Gaming ‘somewhat resilient’ to weak economy
Microsoft’s head of gaming said Wednesday that video games can stand up to economic weakness, even as the software maker expects slower pickup in other parts of its business targeting consumers.
Rising prices and interest rates have inspired investors to hurry up and find pockets of financial markets that can hold up in a downturn. Gaming remains a high priority for Microsoft, with the company working to close its $68.7 billion acquisition of publisher Activision Blizzard.
Other parts of technology might be at risk in a recession. Alphabet and Meta Platforms still derive most of their revenue from advertising, with the former still relying on internet search and the latter on social media. Patrick Lo, CEO of networking hardware maker Netgear, which reported a 14% annualized revenue decline on Wednesday, said in a statement there was a “challenging macroeconomic environment for most consumers.”
Microsoft is more diversified than those companies, although earlier this week executives said its exposure to consumers would hurt sales in the current quarter of Windows operating-system licenses, Surface PCs and advertising on properties such as Bing and LinkedIn.
During the quarter, the company expects to sign up more subscribers to its Xbox Game Pass service, which provides unlimited access to hundreds of video games, Amy Hood, its finance chief, told analysts on a conference call on Tuesday. Gaming revenue should decline in the low to mid-teens percentage range because of strong growth in the year-ago quarter that saw introductions of first-party games, Hood said.
Phil Spencer, CEO of Microsoft Gaming, sounded optimistic about the prospects of the unit.
“It’s proven over years, at times of economic uncertainty for families, gaming is somewhat resilient to those issues,” he said at the Wall Street Journal’s WSJ Tech Live conference in Laguna Beach, California.
Not everyone shares Spencer’s view.
“The video game industry has never been ‘recession-proof,’ but that line gets brought out every time the r-word is mentioned,” Mat Piscatella, executive director and video game industry advisor at market researcher NPD Group, wrote in a July tweet.
Piers Harding-Rolls, research director at researcher Ampere Analysis, has made similar comments.
“After two years of huge expansion, the games market is poised to hand back a bit of that growth in 2022 as multiple factors combine to undermine performance,” he told CNBC in July.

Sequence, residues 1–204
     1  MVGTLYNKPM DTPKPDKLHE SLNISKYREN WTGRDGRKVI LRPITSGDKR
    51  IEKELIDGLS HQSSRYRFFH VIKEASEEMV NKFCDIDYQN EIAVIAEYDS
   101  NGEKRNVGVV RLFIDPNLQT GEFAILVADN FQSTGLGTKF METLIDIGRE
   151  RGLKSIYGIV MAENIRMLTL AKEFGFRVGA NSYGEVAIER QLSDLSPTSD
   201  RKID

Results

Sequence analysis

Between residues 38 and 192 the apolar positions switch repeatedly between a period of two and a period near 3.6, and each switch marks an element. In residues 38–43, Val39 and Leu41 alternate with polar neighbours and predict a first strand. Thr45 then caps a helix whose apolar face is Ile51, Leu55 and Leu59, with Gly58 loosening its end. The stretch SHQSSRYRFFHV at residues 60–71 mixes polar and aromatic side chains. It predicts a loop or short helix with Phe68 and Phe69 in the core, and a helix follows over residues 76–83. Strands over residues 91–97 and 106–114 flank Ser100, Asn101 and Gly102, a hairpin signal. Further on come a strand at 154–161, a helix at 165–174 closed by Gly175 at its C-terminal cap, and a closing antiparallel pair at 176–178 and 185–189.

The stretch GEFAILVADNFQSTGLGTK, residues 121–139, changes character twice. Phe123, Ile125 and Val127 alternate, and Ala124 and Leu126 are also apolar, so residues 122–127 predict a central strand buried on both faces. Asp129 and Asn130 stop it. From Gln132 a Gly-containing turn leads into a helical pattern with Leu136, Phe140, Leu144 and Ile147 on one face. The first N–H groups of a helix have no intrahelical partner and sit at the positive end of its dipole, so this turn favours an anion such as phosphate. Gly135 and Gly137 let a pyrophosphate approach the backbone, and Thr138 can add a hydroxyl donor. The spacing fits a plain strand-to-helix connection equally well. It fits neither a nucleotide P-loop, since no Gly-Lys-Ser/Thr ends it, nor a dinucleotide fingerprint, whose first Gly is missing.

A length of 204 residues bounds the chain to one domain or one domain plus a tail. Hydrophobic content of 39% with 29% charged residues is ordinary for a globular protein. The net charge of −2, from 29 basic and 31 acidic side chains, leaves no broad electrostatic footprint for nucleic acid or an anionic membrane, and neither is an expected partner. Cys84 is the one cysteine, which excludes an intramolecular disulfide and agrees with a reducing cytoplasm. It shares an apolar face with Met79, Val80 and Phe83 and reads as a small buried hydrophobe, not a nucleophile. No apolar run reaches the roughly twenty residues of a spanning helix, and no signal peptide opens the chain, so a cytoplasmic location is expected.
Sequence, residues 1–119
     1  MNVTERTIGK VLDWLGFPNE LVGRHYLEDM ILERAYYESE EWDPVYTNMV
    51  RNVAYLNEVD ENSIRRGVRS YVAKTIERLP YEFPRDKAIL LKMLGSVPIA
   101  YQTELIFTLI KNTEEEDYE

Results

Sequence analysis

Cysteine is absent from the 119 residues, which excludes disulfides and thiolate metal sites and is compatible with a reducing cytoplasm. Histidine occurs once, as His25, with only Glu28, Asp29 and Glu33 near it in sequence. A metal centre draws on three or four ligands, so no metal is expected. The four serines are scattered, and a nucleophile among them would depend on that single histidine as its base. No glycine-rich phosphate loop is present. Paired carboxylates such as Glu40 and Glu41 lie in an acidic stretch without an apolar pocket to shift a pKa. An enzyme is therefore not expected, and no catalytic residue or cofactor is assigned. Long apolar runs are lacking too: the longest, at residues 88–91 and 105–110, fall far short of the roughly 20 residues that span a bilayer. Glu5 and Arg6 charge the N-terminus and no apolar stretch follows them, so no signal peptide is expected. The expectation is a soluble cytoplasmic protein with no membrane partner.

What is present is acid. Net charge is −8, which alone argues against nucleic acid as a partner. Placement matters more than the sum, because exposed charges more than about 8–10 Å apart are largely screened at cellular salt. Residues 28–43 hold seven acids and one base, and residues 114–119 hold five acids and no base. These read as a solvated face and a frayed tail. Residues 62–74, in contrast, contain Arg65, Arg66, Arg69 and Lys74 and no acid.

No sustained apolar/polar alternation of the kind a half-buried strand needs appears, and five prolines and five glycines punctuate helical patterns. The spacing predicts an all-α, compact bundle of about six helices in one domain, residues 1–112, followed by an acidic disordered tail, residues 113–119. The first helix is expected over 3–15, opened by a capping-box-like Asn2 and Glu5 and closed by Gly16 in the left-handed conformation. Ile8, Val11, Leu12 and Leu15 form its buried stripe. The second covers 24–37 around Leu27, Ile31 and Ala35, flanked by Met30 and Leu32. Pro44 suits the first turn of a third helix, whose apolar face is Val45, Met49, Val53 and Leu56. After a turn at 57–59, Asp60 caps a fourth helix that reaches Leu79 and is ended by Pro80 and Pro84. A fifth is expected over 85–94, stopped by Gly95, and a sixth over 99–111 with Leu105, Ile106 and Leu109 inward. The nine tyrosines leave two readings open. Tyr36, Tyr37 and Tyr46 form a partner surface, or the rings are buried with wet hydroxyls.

But Spencer can point to Microsoft’s own experience with recessions as evidence for his claim.
In 2008, during the Global Financial Crisis, Microsoft cut prices of Xbox consoles in various markets as the public became interested in the Nintendo Wii. It turned out to be “numerically on the console side, our best holiday and our best calendar year in the history of Xbox,” said Robbie Bach, president of Microsoft’s entertainment and devices unit at the time.
In 2020, a brief recession coincided with the onset of coronavirus, but that led people to stay home and play more games, including on Xbox consoles and PCs. “People everywhere are turning to gaming to sustain human connection while practicing social distancing,” CEO Satya Nadella said in April 2020.
Today, Spencer said, Microsoft gives people choice in how much they’d like to spend if they want consoles. The company offers the $499 Xbox Series X and the less powerful $299 Xbox Series S. Microsoft subsidizes the cost to the tune of $100 to $200 per console, with the expectation that it will make the money back on sales of accessories and storefront purchases, he said. It’s up to gamers if they’d like to pay $10 or $15 per month for Game Pass subscriptions. They can also buy games outright, or play certain games for free.
Spencer said he doesn’t think Microsoft will be able to keep the prices of games constant forever. But they can provide impressive amounts of entertainment in comparison with other pursuits. “People can play video games for hundreds of hours,” he said.
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